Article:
Skin disease affects patientsi lives in many ways. It may be seen as trivial, or have a profound impact. Relationships, and the ability to study, work, play sport, or sleep may all be affected. Major life decisions are influenced: type of work, choice of partner, or even whether to have children. It can also affect the patientis family. Many of these effects will be apparent, but we may not be as good as we think at estimating the extent of this impact on patients.
Why measurement may help
Most clinical decisions relating to the care of skin disease involve consideration of its impact on the patientis life and take account of the patientis attitudes to possible risks and benefits.
Despite this, little quality of life information is explicitly raised during hospital dermatology clinic consultations.1 This may have a direct influence on the quality of care. For example, one study showed that although clinical decisions on psoriasis management related appropriately to patientis recorded quality of life, patients with great impairment were offered no change in therapy.2
The process of completing a quality of life questionnaire can encourage patients to raise issues that they see as important, but feel the doctor or nurse is not addressing.
Possible ways to measure quality of life
There are several questionnaires designed to measure the impact of skin disease on life quality. General health measures, such as Short-Form 36, can be used across all diseases, or there are disease-specific measures, such as the Psoriasis Disability Index. Dermatology-specific measures, such as the Dermatology Life Quality Index (DLQI),3 can be used in any skin disease.
What is the DLQI?
The DLQI is the most widely used quality of life questionnaire in dermatology.4 It consists of 10 simple questions (see box) relating to ways in which skin disease impairs lives. The questionnaire is designed to be used in a busy clinical setting. The patient completes it without assistance, usually in about two minutes.
What DLQI scores mean
Until recently, use of quality of life measures was confined to research, owing to difficulty with interpreting scores. A major advance in 2005 was a study of nearly 2,000 patients, establishing evidence-based descriptive bands that apply to DLQI scores.5
These bands make it possible to use the DLQI in a meaningful way in clinical practice. For example, if the score is more than 10, this indicates that skin disease is having a significant effect on the patientis life. Intervention is probably indicated.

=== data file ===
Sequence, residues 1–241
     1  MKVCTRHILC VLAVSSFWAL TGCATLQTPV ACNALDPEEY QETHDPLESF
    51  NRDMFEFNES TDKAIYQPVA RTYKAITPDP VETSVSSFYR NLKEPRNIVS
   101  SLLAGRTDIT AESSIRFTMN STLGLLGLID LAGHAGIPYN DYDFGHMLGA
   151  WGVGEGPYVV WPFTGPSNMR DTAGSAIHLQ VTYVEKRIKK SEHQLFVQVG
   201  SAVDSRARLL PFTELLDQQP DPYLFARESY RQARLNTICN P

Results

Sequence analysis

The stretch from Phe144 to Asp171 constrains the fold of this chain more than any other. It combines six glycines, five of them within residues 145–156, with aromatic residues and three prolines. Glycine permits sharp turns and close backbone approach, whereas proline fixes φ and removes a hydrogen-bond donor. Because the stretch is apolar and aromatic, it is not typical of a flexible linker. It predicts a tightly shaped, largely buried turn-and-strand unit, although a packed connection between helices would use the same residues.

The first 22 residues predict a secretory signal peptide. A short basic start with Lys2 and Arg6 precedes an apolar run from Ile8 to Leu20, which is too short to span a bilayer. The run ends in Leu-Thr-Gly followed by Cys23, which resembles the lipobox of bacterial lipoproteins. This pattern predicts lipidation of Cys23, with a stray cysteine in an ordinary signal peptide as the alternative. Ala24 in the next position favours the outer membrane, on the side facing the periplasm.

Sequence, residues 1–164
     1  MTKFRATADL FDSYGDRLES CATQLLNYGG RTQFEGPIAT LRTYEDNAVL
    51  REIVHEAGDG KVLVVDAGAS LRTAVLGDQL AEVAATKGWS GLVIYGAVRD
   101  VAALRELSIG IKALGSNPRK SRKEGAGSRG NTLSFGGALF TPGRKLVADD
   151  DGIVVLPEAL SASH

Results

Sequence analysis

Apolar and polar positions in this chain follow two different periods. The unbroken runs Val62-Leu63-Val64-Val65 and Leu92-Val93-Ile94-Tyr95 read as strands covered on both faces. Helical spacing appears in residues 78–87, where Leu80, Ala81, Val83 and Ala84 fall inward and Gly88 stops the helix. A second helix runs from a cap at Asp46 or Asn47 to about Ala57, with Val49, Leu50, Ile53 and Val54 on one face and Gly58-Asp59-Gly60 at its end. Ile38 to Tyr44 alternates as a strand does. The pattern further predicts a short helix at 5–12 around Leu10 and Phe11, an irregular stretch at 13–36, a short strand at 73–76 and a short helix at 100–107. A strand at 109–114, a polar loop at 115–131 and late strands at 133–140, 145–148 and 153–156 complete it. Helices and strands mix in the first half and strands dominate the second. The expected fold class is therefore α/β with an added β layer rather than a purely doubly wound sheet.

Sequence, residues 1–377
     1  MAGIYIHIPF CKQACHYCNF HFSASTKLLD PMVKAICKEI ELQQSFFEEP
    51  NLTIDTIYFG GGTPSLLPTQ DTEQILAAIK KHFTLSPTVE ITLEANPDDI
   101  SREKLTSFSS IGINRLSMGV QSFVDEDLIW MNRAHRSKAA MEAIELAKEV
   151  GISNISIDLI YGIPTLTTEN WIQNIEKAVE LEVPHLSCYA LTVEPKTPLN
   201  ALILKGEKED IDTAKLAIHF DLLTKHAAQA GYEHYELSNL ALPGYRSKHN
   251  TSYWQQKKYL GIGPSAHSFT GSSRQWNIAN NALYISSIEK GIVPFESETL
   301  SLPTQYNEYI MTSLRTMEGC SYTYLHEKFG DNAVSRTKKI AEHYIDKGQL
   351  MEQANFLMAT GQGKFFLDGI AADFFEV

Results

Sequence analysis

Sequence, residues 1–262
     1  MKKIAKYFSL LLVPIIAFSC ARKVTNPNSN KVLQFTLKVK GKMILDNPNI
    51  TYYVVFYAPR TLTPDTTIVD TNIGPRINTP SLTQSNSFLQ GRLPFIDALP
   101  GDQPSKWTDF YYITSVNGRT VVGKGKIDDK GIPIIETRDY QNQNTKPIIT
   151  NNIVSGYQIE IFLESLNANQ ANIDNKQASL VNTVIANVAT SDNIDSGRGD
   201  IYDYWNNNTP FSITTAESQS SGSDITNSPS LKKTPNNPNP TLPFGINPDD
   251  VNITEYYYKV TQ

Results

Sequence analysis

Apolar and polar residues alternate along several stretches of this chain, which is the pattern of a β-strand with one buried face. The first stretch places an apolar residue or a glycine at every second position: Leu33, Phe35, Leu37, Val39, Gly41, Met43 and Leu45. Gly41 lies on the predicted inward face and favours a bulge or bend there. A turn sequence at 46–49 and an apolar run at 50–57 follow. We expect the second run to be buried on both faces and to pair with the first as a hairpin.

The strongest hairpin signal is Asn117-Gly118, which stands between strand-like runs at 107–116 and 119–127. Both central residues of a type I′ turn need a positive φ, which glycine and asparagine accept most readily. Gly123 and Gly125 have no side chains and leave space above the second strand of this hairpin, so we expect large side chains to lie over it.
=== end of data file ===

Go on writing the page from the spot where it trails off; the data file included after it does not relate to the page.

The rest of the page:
The Rule of Tens
Now it is possible to interpret scores in a more meaningful way, new ways of defining disease severity can be proposed. The Rule of Tens6 defines current severe psoriasis as body surface area involved: >10 per cent, Psoriasis Area and Severity Index score: >10, or DLQI score: >10. British Association of Dermatologists guidelines for use of biologicals in psoriasis include the criterion that the DLQI score should be greater than 10.7
Where to obtain the questionnaire
The DLQI can be downloaded from www.dermatology.org.uk (click on Quality of Life) or from www.dlqi.com. As well as the original English version, 40 language translations are also available on this site. When the DLQI is used for routine clinical purposes, there is no need to seek permission and no charge. However, it is copyright and a charge is sometimes made for its use in funded research. Please note that the wording of the DLQI should not be altered, to ensure that scores remain comparable.
- Professor Andrew Y Finlay is professor of dermatology at the School of Medicine, Cardiff University, and joint copyright owner of the Dermatology Life Quality Index
1. David SE, Ahmed Z, Salek MS, Finlay AY. Does enough quality of life-related discussion occur during dermatology outpatient consultations? Br J Dermatol 2005; 153: 997-1000.
2. Katugampola RP, Hongbo Y, Finlay AY. Clinical management decisions are related to the impact of psoriasis on patient-rated quality of life. Br J Dermatol 2005; 152: 1256-62.
3. Finlay AY, Khan GK. Dermatology Life Quality Index (DLQI): a simple practical measure for routine clinical use. Clin Exp Dermatol 1994; 19: 210-16.
4. Lewis V, Finlay AY. 10 years experience of the Dermatology Life Quality Index (DLQI). J Invest Dermatol Symp Proc 2004; 9: 169-80.
5. Hongbo Y, Thomas CL, Harrison MA et al. Translating the science of quality of life into practice: What do Dermatology Life Quality Index scores mean? J Invest Dermatol 2005; 125: 659-64.
6. Finlay AY. Current severe psoriasis and the Rule of Tens. Br J Dermatol 2005; 152: 861-7.
7. Smith CH, Anstey AV, Barker JNWN et al. British Association of Dermatologists guidelines for use of biological interventions in psoriasis 2005. Br J Dermatol 2005; 153: 486-97.
Subjects covered by the DLQI
- Itchy, sore, painful, stinging
- Embarrassed or self-conscious
- Interfered with going shopping or looking after home or garden
- Influenced choice of clothes
- Social or leisure activities and sports
- Working or studying
- Problems with partner or close friends or relatives
- Sexual difficulties
- Problems caused by treatment